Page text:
Also, even if everyone was fed and watered and we could cure all diseases and make life for people with every type of disability bearable, it doesn’t actually fix the problem of evil, because the problem is that if God is all-powerful and completely compassionate, there shouldn’t be any suffering at all. If Heaven if real and people have free will there, then suffering shouldn’t exist. It’s a problem with God’s qualities as claimed by many of his worshippers. If God is really the most powerful, all-knowing, loving creator concievable, we should all be living in paradise right now. The only logical conclusion is that God doesn’t have one of the qualities claimed- he isn’t all-powerful, or only loves a few of us, or has no idea how we suffer, or doesn’t exist.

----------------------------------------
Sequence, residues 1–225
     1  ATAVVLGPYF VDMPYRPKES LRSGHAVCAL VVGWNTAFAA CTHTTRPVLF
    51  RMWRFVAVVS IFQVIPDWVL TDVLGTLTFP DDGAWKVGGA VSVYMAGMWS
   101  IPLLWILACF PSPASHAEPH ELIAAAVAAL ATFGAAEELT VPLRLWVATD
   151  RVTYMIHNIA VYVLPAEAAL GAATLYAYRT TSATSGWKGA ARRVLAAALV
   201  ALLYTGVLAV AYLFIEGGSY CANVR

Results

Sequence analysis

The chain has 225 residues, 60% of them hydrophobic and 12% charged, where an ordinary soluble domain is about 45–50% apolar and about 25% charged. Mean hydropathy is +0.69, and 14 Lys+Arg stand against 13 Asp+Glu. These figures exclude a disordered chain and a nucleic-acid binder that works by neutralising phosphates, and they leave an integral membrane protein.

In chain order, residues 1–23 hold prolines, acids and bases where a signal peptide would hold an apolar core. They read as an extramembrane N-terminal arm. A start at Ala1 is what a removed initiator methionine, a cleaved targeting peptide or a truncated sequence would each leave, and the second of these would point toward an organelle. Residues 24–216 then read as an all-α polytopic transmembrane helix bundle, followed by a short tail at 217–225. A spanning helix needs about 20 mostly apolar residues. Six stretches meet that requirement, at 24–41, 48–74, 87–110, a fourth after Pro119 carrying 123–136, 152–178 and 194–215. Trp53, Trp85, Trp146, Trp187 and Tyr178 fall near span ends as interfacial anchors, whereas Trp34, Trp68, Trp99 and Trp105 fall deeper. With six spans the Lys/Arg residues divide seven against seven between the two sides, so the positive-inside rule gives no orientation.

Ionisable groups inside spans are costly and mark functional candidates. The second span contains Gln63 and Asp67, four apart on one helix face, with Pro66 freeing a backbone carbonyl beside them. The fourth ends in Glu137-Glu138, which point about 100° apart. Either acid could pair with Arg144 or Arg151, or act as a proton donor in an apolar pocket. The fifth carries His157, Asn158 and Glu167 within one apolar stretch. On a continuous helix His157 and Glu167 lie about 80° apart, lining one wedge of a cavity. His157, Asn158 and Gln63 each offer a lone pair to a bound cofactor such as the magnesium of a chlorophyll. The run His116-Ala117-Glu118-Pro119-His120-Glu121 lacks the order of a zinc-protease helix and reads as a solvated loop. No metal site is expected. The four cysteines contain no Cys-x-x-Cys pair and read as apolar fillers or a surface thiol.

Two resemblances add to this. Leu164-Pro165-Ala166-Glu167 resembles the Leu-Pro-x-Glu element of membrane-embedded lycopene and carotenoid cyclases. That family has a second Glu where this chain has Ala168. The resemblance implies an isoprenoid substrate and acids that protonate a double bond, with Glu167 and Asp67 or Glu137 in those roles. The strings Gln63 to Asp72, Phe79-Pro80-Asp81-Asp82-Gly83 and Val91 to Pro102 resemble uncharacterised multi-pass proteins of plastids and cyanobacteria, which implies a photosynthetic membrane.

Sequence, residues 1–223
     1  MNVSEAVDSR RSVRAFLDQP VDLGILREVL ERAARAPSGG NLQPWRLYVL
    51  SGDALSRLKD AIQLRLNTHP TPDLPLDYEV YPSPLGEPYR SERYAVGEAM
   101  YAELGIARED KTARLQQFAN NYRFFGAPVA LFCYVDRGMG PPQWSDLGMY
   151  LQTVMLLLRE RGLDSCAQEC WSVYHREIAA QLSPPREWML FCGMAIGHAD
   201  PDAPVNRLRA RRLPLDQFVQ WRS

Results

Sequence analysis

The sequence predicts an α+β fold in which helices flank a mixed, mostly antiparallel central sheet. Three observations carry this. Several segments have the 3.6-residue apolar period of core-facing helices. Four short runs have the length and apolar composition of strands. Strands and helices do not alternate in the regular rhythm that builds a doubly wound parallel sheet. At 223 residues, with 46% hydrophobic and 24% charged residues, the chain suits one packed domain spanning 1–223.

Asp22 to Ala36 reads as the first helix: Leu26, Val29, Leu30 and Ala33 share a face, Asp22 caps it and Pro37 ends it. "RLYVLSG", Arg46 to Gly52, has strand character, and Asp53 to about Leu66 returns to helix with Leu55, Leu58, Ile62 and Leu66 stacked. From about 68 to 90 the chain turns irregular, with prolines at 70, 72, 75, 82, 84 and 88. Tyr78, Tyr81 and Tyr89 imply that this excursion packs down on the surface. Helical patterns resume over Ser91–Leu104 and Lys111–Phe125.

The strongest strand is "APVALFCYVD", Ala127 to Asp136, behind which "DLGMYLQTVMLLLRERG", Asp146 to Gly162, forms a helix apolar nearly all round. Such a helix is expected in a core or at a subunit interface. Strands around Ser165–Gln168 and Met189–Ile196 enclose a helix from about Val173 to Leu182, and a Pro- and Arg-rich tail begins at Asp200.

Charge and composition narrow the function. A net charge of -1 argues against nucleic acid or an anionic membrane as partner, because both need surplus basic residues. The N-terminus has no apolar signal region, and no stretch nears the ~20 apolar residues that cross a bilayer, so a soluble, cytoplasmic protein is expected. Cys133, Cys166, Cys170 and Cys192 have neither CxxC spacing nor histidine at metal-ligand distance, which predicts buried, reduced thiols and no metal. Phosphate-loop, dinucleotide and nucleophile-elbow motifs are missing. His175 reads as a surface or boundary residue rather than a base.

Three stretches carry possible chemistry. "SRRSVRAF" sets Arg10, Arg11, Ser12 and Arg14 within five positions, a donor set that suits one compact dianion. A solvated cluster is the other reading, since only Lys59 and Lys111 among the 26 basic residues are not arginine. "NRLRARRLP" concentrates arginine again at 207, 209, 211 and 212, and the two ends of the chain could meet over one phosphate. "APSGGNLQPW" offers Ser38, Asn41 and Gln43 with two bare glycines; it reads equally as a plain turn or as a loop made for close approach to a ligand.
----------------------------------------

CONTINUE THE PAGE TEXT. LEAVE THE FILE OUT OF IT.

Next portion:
• David_Evans

    Iain M. Banks’ Culture novels describe a society with much less undeserved suffering, and much more widely distributed pleasure, than we have here. I don’t see why that would not be possible, given the technology. Of course there are a number of challenges along the way…

  • Marta L.

    James, it would be interesting to see if their opinions change as they get older. If the students at your school are anything like the students at my school, they likely haven’t had much experience (as a group) with genuine suffering: death of people aside from grandparents after a long life, professional rejection, ruined marriages or even the realization that societal/international problems can’t be solved in a news cycle The kind of suffering that drives concern over the problem of evil isn’t restricted to natural disasters and intractable poverty, I’d say. I wonder if this isn’t a sign that students are more sheltered for longer, rather than that the problem of evil is going away.